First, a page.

It certainly comes as a shock to anyone not expecting it straight away…

I just get Laz to kick me in the balls as we are walking out!

Ouch! Will you keep it in the opening number slot or will you move it to later in the set?

I think I’ll keep it as the opener. I like the challenge. I like that we do three heavy-hitters at the start of the set, we actually do the opening three tracks on the new album, we segue from ‘Straight To Hell’ into ‘The Hammer Falls’, and then ‘Down By The River’. They are three quite different songs, and very vocally different, the problem is if you begin with easy songs, then an hour in, when you’ve been jumping around like a lunatic, you’re not going to be wanting to sing the difficult one as if you were Axl Rose!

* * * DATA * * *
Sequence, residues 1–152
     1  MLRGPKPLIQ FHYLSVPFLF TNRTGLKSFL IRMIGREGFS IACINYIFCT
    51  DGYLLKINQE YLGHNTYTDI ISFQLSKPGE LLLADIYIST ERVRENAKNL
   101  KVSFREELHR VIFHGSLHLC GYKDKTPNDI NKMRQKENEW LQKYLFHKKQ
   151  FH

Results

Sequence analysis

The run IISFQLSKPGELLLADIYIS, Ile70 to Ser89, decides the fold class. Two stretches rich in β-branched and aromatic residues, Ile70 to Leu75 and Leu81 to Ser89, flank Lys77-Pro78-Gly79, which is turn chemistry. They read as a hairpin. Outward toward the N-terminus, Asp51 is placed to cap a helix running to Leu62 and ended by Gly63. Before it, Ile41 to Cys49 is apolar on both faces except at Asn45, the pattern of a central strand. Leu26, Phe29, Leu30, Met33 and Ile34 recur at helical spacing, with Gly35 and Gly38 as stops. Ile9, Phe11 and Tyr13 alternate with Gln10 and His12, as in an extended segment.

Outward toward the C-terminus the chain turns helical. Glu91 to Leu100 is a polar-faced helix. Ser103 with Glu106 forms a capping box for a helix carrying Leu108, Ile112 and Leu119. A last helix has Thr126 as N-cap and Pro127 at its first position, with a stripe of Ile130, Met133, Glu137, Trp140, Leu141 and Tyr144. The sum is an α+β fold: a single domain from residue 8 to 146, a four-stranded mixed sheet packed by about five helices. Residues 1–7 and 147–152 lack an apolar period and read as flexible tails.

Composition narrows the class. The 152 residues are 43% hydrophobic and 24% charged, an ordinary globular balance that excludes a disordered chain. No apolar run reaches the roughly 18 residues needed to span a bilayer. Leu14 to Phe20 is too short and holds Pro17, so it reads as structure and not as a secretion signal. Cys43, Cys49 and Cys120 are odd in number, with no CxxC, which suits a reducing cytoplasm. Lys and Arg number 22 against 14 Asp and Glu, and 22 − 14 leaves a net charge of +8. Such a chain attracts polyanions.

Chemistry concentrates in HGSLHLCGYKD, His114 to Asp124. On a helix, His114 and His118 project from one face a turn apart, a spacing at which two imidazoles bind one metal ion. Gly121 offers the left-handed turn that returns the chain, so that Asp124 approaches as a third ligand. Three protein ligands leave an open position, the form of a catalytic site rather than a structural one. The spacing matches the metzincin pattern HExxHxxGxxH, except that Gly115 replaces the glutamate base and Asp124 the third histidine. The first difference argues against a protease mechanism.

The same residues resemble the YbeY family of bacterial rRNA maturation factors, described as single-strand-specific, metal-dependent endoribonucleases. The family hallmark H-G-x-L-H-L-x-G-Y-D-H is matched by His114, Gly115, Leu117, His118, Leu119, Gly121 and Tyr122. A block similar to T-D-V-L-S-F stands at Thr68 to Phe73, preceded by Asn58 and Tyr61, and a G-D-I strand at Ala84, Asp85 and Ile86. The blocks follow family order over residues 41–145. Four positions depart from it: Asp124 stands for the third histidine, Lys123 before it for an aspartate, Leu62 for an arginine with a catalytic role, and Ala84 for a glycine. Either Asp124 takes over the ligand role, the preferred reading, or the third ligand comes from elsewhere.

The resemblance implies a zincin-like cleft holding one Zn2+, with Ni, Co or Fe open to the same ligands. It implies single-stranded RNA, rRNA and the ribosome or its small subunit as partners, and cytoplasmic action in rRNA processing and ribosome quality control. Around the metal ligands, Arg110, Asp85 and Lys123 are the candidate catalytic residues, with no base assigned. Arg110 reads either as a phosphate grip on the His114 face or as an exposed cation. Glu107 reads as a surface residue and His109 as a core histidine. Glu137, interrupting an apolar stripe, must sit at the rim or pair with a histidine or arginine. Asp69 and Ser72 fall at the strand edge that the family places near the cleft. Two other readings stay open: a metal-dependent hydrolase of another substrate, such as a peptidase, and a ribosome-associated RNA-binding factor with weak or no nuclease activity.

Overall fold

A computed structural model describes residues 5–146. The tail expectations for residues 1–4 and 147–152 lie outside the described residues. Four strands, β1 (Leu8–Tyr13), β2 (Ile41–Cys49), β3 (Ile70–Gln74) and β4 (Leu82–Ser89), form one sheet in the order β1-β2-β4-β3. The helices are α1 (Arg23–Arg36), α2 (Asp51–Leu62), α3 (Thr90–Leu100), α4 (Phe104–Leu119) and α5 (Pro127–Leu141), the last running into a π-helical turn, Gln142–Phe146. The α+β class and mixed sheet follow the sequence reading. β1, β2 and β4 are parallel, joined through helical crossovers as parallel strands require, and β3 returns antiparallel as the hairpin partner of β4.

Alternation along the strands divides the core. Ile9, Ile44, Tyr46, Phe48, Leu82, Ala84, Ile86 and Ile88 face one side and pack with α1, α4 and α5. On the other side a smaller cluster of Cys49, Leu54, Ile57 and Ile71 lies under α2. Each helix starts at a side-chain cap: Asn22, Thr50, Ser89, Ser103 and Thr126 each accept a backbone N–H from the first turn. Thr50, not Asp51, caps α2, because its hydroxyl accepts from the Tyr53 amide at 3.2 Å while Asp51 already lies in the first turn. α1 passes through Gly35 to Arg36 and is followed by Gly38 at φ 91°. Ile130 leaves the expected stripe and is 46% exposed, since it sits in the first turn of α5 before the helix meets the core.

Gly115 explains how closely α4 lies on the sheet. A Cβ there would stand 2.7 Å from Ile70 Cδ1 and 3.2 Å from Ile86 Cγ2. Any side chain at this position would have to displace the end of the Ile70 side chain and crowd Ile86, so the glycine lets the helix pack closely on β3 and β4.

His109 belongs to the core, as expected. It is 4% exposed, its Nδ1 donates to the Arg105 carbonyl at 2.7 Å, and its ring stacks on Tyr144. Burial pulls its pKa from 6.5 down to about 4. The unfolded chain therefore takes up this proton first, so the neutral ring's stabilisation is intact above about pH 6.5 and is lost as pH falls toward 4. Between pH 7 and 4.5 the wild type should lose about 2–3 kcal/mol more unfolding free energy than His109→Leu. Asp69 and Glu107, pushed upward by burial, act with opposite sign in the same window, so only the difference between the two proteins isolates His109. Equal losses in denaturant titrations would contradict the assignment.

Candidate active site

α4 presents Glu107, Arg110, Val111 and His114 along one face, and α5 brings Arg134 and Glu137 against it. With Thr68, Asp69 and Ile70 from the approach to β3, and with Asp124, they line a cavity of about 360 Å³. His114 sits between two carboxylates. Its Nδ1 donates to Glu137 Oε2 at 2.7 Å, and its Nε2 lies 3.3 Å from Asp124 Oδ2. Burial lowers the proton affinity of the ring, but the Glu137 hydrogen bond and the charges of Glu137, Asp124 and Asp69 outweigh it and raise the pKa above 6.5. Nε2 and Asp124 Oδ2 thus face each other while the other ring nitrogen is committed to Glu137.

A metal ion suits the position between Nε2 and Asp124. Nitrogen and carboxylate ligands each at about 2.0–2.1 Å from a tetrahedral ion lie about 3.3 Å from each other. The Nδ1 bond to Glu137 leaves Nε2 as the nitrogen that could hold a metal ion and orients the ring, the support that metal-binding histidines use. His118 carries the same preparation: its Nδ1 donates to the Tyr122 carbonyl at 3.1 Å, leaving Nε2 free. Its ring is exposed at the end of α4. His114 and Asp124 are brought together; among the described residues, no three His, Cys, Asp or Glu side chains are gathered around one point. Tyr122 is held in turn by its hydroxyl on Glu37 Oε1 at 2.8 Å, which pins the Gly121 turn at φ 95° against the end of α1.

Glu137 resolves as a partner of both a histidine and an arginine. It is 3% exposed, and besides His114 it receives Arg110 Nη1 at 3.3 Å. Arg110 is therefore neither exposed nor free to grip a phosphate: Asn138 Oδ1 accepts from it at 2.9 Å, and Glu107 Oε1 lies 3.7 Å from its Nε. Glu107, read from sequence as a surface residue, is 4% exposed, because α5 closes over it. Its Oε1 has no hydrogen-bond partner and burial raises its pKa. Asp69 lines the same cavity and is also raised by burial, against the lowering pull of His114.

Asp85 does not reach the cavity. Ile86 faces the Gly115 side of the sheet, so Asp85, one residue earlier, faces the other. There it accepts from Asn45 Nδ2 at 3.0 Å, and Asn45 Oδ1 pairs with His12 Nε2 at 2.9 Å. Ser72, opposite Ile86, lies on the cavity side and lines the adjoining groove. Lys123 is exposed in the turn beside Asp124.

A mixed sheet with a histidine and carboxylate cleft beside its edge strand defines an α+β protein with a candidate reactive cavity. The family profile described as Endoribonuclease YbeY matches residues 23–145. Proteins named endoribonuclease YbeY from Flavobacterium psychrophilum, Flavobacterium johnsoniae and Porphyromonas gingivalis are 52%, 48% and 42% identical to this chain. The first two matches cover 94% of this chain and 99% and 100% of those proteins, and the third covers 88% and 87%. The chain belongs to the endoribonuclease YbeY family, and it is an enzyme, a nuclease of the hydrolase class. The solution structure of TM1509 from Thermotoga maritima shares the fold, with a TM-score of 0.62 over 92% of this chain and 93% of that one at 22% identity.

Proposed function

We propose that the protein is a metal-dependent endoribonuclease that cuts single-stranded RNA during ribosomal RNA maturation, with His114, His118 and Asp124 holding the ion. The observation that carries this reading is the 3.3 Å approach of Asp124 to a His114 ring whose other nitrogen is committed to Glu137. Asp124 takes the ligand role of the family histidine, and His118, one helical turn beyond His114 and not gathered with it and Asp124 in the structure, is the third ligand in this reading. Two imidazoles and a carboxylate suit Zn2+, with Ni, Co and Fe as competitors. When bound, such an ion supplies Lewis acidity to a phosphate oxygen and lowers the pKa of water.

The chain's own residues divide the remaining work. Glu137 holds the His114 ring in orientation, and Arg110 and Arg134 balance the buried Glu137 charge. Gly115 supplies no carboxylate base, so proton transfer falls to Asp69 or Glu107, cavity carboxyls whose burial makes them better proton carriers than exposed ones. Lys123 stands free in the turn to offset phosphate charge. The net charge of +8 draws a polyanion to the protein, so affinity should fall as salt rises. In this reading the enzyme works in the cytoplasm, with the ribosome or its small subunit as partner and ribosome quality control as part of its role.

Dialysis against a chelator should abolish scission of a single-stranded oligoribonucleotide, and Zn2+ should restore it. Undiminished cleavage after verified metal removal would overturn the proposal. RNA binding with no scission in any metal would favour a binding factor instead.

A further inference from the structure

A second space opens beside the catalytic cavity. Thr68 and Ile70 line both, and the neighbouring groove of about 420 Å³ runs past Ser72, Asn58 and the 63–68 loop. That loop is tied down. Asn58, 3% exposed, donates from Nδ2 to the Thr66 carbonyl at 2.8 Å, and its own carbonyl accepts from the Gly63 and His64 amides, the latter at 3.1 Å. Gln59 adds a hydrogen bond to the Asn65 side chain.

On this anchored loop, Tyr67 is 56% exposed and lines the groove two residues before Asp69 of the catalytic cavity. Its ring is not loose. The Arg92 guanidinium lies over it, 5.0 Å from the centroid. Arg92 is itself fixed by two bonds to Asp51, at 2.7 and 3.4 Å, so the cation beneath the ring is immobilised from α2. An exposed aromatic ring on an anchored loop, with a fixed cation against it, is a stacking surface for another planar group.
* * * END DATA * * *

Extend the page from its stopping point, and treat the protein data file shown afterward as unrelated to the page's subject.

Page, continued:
One of the common threads that I keep picking up on at the minute is that musicians like yourself are not only glad to be back out there working, but also are able to give work again to album sleeve designers, poster designers, t-shirt designers, etc, keeping the wheels turning…

Yes, the guy that did the video for ‘Call Of The Wild’, Neil Collins, does a lot of music videos, but he’s also a wedding photographer, so that means he couldn’t work at all for a large portion of last year. So he kind of had to transform his business. We have a new video coming out in January – just before the album is released – that is directed by Kris Barras, THE Kris Barras, who is obviously better known as being a badass tattooed guitar player that makes great music, but he has a sideline now making music videos. So that was a lot of fun working with Kris.